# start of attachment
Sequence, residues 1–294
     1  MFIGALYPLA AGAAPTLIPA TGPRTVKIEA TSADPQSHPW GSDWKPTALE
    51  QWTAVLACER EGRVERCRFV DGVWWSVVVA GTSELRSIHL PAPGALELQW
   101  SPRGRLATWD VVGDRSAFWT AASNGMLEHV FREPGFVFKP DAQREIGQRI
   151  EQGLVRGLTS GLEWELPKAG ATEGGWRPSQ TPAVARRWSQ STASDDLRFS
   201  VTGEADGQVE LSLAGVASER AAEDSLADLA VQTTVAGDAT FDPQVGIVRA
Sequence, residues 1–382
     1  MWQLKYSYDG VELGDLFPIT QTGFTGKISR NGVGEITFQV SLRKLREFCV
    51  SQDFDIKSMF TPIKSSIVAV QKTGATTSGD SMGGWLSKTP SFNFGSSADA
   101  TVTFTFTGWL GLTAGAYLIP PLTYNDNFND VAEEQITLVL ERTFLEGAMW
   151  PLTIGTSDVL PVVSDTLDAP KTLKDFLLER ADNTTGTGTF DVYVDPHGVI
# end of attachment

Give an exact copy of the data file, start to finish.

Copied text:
Sequence, residues 1–294
     1  MFIGALYPLA AGAAPTLIPA TGPRTVKIEA TSADPQSHPW GSDWKPTALE
    51  QWTAVLACER EGRVERCRFV DGVWWSVVVA GTSELRSIHL PAPGALELQW
   101  SPRGRLATWD VVGDRSAFWT AASNGMLEHV FREPGFVFKP DAQREIGQRI
   151  EQGLVRGLTS GLEWELPKAG ATEGGWRPSQ TPAVARRWSQ STASDDLRFS
   201  VTGEADGQVE LSLAGVASER AAEDSLADLA VQTTVAGDAT FDPQVGIVRA
Sequence, residues 1–382
     1  MWQLKYSYDG VELGDLFPIT QTGFTGKISR NGVGEITFQV SLRKLREFCV
    51  SQDFDIKSMF TPIKSSIVAV QKTGATTSGD SMGGWLSKTP SFNFGSSADA
   101  TVTFTFTGWL GLTAGAYLIP PLTYNDNFND VAEEQITLVL ERTFLEGAMW
   151  PLTIGTSDVL PVVSDTLDAP KTLKDFLLER ADNTTGTGTF DVYVDPHGVI